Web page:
Jagr's trade wish granted

Mario Lemieux. Roberto Clemente. Terry Bradshaw. Willie Stargell. Jack Lambert. For years, it seemed Jaromir Jagr would be next on the list of superstars who played their entire careers in Pittsburgh.

Wildly popular for his gifted scoring touch, childlike smile and mane of untamed black hair, the Czech-born Jagr thrived almost from the day he arrived in 1990 as an unpolished 18-year-old.

He won two Stanley Cups before he was 21 and never missed the playoffs in 11 Penguins seasons.

He especially enjoyed playing alongside Mario Lemieux -- "my idol since I was 6 years old," Jagr often said.

When Lemieux retired in 1997, Jagr became the city's biggest celebrity, even if he was seldom seen in social circles or in attire other than his No. 68 jersey.

Largely because of Jagr's enormous popularity, Penguins' attendance remained at near-capacity levels even while a cash-poor franchise was going through the convulsions of bankruptcy in 1999.

But something changed during Jagr's last season in black and gold and it was this transformation in personality and attitude that was just as responsible for his trade to the Washington Capitals as his budget-busting $10 million salary.

Somewhere, somehow, Jagr lost his joy for the game -- a love not only of scoring goals, but of playing hockey at a level few have achieved.

Lemieux's enormously successful comeback couldn't bring it back, even as the electrifying yet enigmatic Jagr piled up enough points to win a fourth consecutive NHL scoring title.

"I'm dying alive," Jagr said last season.

His Penguins teammates noticed the changes but, like the media and fans, could only guess at the reasons for it: financial losses, the pressure bestowed upon team captain Jagr to be a leader, his uneven relationship with former coach Kevin Constantine and current coach, Ivan Hlinka, the former Czech Olympic coach hired more a year ago seemingly to assuage Jagr.

"He wasn't very happy," Alexei Kovalev said. "He had a great season, but he wasn't happy what he was doing."

There even were words with Lemieux as the owner-star challenged him to play better during the Eastern Conference finals against the New Jersey Devils.

Apparently not motivated by the comments, Jagr didn't score a single goal in the series.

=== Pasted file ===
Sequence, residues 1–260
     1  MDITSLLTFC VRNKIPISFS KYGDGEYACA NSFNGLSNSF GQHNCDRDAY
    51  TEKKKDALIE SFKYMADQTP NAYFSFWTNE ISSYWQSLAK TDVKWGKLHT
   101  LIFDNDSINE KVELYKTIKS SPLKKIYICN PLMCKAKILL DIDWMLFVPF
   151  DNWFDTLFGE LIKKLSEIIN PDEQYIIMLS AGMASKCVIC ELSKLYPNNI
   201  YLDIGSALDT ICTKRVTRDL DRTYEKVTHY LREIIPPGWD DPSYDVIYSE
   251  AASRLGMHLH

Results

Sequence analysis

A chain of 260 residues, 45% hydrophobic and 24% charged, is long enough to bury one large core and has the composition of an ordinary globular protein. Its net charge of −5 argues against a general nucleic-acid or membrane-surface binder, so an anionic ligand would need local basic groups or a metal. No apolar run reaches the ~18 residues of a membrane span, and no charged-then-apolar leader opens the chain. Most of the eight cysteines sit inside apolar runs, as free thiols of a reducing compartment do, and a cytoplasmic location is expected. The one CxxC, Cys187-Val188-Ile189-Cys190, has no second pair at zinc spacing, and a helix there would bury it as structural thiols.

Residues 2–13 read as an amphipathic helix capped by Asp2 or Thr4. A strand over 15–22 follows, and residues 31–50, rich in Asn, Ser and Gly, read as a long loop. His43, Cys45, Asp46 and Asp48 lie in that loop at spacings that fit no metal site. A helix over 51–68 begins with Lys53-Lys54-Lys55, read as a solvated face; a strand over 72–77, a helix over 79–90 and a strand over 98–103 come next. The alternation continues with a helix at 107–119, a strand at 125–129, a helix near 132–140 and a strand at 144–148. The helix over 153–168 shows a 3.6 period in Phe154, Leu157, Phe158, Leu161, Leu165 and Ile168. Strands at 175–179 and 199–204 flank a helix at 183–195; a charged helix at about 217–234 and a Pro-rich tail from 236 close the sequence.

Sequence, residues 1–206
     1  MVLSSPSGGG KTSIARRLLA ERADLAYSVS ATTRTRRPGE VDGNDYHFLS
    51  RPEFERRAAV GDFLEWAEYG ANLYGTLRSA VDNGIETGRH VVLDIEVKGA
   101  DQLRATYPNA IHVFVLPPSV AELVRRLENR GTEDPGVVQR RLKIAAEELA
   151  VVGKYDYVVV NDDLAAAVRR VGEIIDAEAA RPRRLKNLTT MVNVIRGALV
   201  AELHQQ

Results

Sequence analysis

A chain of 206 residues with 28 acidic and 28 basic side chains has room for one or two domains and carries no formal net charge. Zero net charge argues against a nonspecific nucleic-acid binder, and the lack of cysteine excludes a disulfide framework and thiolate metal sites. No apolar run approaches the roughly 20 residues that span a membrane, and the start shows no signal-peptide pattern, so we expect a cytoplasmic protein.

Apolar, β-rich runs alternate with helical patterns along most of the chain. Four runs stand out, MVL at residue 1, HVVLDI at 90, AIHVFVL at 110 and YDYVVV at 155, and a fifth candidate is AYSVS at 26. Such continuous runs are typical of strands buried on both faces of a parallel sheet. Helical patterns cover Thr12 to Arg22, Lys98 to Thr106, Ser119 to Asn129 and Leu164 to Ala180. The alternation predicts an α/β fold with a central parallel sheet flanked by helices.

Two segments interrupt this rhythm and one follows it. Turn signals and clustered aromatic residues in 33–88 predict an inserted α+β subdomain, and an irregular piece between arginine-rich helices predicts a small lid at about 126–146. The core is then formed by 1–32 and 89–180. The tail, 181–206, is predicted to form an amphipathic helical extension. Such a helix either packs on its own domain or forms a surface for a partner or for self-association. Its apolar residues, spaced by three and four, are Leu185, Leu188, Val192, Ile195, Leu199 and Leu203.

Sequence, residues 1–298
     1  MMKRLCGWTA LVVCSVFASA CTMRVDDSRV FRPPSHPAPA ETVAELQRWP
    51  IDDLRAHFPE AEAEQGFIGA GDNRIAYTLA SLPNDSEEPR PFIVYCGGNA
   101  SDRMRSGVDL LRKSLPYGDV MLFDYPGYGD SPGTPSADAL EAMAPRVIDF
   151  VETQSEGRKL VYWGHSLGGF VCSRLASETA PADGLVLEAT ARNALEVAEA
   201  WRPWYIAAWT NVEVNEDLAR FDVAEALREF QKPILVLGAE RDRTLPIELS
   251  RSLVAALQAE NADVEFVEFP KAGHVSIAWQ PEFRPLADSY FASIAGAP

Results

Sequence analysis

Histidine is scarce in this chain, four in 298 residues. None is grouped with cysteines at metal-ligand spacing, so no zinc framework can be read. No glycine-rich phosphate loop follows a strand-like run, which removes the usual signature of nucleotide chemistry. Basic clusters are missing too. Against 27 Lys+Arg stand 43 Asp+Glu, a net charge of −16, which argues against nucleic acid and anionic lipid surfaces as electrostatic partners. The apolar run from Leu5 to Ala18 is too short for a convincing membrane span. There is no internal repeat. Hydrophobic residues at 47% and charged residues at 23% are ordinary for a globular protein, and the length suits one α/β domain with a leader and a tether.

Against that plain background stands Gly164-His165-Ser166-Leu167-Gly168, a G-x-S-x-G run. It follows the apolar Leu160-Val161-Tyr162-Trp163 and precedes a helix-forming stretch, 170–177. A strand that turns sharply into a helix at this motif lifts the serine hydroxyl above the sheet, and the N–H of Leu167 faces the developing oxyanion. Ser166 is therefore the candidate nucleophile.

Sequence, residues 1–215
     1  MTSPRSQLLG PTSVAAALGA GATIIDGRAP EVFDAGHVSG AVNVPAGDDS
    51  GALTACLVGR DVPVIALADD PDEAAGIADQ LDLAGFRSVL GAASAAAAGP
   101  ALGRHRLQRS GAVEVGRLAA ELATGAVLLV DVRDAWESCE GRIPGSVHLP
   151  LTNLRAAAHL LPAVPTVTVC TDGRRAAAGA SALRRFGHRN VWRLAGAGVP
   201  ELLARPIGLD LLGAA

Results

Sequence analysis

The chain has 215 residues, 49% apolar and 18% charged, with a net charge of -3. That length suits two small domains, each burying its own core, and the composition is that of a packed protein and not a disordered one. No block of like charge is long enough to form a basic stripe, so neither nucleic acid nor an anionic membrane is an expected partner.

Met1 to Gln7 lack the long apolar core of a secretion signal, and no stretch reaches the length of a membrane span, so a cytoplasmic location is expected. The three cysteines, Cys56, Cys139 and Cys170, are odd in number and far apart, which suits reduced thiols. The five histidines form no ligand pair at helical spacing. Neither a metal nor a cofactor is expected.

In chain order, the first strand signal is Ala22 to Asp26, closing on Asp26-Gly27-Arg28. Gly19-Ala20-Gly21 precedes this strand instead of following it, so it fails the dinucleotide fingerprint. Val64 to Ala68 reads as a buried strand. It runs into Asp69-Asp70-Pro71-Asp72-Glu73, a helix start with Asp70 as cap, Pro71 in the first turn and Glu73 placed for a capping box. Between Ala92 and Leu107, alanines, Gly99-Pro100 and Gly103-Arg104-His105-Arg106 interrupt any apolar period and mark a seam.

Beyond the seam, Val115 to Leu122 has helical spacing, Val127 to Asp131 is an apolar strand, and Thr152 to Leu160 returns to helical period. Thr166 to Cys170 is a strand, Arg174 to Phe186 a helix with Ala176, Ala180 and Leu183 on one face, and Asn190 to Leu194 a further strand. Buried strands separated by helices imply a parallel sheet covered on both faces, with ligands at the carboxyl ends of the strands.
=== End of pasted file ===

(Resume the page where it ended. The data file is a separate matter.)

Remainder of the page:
"He's a great player, he's making $10 million a year," Lemieux said. "This has to be the best time of his life and I'm not so sure he realizes that."

Untarnished by scandal, except for a few speeding tickets that ultimately led to his driver's license being temporarily suspended this spring, Jagr nevertheless dealt with rumours he lost big at casinos that sometimes dispatched private planes for him.

In recent years, he also began investing in stocks, making an unexpected fortune on a few dot-com companies before apparently losing most of it in an investment in a small tech company.

Jagr's losses were in the millions, though he said reports that he lost $20 million were grossly exaggerated.

Whatever the reasons for his discontent, they led Jagr to ask the Penguins three times to trade him, twice before Lemieux returned and again after the season ended.

Finally, general manager Craig Patrick granted his wish, dealing him Wednesday in a trade breathtaking for its boldness, if only because the Penguins seemed to get so little in return -- three prospects, none of them regarded as among the Capitals' top two minor leaguers.

"It's always hard to trade a good friend," Lemieux said. "We'll miss him."

For the Penguins, the biggest addition is the subtraction of Jagr's $20.7 million salary the next two seasons. Coupled with the $5 million they apparently will get from the Capitals, they have nearly $26 million of salary flexibility to re-sign free agents Kovalev, Martin Straka and Robert Lang and pick up another couple of players in trades.

Even without Jagr, the Penguins seem to have plenty of scoring -- Kovalev and Straka were among the NHL's top six scorers, Lang was in the top 20 and, for at least one more season, there is a guy named Lemieux.

For Jagr, the trade makes him a big fish in an even bigger pond with a chance to elevate hockey's visibility in a city where the sport often is an afterthought.

It's also a fresh start for a player who is only 29 and would seem to have years of further stardom ahead of him.

Even Patrick said, somewhat wistfully, "It's going to be sad he won't be performing for us."

"I want to be the best player in the world. I want to regain the throne," Jagr said recently. "I need only a couple of changes that will help me make it.

"One of them is the trade."

"I thought he already was the best player," Capitals general manager George McPhee said.

By Alan Robinson